Gravestones from Historic African American Cemetery That Were Once Dumped in Potomac River Are Being Relocated

Dozens of headstones from a historic African American cemetery in the nation’s capital that were used as erosion control along the Virginia shoreline of the Potomac River are being relocated to a memorial garden in Maryland.

Maryland Gov. Larry Hogan, Virginia Gov. Ralph Northam and D.C. Mayor Muriel Bowser attended a ceremony in Caledon State Park in King George on Monday to mark the transfer of the first 55 headstones from Virginia to Maryland. The grave markers will be part of a memorial garden at National Harmony Memorial Park in Prince George’s County honoring the 37,000 people buried at the original cemetery.

“It’s a disgusting and heartbreaking chapter in our history,” Hogan said.

“It’s really important for all of us to acknowledge past wrongs,” Northam said.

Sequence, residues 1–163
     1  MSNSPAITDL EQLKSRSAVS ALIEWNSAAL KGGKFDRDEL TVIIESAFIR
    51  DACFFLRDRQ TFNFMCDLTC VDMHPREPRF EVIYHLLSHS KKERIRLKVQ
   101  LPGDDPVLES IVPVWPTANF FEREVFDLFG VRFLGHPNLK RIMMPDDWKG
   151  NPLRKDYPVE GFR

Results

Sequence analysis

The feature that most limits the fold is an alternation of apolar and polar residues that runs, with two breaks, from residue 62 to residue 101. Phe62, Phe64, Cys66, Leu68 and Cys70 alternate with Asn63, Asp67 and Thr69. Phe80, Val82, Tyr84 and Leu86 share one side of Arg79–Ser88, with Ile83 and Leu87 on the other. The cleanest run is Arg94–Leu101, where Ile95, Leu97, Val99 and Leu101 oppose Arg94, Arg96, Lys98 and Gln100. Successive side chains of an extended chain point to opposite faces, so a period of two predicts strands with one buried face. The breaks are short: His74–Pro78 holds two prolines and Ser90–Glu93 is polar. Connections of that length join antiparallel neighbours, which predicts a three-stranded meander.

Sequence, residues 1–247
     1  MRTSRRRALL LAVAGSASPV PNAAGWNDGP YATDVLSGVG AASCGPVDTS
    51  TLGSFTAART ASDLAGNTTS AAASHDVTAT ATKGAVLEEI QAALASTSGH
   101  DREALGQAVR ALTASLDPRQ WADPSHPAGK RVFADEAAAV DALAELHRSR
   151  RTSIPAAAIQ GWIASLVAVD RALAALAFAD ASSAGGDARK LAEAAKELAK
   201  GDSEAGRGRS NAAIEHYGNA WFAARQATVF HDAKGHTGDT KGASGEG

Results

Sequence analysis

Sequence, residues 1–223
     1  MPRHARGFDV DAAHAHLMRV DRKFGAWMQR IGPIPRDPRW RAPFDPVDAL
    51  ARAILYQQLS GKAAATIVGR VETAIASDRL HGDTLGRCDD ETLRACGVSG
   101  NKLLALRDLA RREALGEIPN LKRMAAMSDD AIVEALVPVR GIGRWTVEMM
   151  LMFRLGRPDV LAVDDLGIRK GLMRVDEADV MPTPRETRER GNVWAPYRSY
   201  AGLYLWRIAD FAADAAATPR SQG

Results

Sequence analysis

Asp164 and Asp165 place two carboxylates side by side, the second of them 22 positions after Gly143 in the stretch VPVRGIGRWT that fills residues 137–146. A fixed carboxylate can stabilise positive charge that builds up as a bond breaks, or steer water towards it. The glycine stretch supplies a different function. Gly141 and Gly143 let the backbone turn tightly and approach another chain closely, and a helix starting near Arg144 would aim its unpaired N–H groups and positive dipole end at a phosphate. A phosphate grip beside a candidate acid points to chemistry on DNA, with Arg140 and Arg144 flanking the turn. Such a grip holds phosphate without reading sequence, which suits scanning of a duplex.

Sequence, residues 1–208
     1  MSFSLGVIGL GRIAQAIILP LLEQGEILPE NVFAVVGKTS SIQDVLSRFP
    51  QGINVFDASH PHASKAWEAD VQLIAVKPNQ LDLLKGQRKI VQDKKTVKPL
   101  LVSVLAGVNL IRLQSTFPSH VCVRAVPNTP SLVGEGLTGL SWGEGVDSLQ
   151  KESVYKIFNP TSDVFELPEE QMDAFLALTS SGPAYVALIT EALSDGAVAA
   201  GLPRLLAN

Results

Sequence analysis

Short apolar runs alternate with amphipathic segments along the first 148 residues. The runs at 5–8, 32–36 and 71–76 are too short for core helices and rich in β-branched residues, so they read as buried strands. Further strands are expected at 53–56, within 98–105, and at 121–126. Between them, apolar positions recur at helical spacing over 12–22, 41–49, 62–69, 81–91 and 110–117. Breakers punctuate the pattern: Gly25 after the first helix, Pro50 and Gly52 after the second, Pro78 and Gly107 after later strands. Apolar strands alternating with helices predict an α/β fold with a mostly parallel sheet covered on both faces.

“We are committed to righting that wrong,” Bowser said.

The Columbian Harmony Cemetery was established in 1859 and was the most prominent burial site for African Americans in Washington, D.C., but it was moved in the 1960s to make room for development including the Rhode Island Avenue-Brentwood Metro station. Remains were moved to National Harmony Memorial Park in Prince George’s County, Maryland, but the gravestones were sold or given away, officials said.

“This young lady nicely told me where my ancestors were located in the graveyard, but she also told me that there were no headstones,” said Violetta Sharps-Jones, a descendent of ancestors buried at National Harmony Memorial Park.

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SOURCE: NBC Washington, The Associated Press